Global warming is the main concern on everybody’s lips, causing more and more damage to the environment every year, sometimes in ways that seem hard to believe; everyday there seems to be a new report about something that went, is going, or will be going terribly wrong. However, in the early 1800s, the situation was diametral opposite, with everybody being worried about a global cooling that seemed to come out of nowhere.
It all peaked in 1816, when in most places of the world there was actually no summer at all ! That year’s chill was blamed by climatologists on the eruption of the Indonesian volcano called Tambora, but why the few years before 1816 were also way colder than usually remained a mystery. However, newly uncovered evidence from the ice of Antarctica and Greenland suggests that another volcanic eruption was probably responsible for it.
Jihong Cole-Dai, a chemistry professor at South Dakota State University led the expeditions that cleared this intriguing question that seemed to be without an answer. He found evidence of another eruption some 6 years before the 1815 one (which was responsible for the 1816 cooling). Here’s why major volcano eruptions have such a big influence: they practically dump immense quantities of sulfur dioxide and ash that act pretty much like an umbrella, shading the Earth and reflecting sunlight for several years.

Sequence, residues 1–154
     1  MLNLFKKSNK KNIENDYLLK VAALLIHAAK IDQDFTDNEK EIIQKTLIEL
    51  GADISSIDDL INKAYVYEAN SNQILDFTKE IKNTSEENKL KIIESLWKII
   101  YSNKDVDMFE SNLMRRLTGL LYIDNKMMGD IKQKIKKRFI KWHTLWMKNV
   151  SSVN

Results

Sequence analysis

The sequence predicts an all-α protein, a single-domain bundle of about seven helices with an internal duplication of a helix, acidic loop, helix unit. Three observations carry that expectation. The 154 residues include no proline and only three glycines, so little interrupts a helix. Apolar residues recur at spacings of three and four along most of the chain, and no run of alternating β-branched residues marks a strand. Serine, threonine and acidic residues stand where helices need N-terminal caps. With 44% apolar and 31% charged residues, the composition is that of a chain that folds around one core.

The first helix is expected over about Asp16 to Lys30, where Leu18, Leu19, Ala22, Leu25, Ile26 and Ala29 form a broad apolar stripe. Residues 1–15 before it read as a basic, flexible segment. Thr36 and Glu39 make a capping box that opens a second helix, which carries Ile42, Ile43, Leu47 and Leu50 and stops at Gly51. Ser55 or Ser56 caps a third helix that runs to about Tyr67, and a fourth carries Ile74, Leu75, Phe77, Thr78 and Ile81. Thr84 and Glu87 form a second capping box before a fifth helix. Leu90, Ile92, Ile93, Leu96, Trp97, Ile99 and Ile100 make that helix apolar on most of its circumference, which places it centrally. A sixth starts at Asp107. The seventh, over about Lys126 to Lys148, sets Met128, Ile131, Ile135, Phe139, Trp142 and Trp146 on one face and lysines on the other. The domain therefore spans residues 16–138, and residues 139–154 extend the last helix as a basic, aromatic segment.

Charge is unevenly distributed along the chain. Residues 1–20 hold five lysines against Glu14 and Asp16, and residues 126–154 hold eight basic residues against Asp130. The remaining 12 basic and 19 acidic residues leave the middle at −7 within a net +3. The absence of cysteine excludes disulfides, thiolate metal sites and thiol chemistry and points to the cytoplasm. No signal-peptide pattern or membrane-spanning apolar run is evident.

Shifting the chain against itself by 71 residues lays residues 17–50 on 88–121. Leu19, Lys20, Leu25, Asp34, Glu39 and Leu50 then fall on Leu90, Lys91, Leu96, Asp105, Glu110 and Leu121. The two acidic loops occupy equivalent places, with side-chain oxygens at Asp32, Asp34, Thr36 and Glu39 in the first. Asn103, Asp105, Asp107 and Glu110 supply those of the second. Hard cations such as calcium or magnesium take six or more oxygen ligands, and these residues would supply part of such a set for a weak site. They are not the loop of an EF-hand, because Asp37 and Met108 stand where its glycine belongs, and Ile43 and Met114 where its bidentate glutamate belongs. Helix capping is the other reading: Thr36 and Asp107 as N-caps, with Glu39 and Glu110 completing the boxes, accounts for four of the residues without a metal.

However, it’s obvious that a single volcanic eruption couldn’t be responsible for ‘freezing’ a whole decade. Cole-Dai and his team found evidence of one more eruption that helped trigger the mini ice age. However, they weren’t able to pinpoint the volcano, saying that they only know it has to be somewhere close to the equator and really big. I don’t know for sure but I’m guessing that a more detailed analysis will give some more clues regarding this volcano and researchers will be able to find it, despite the fact that it seems to be a ‘needle in the haystack’ kind of search.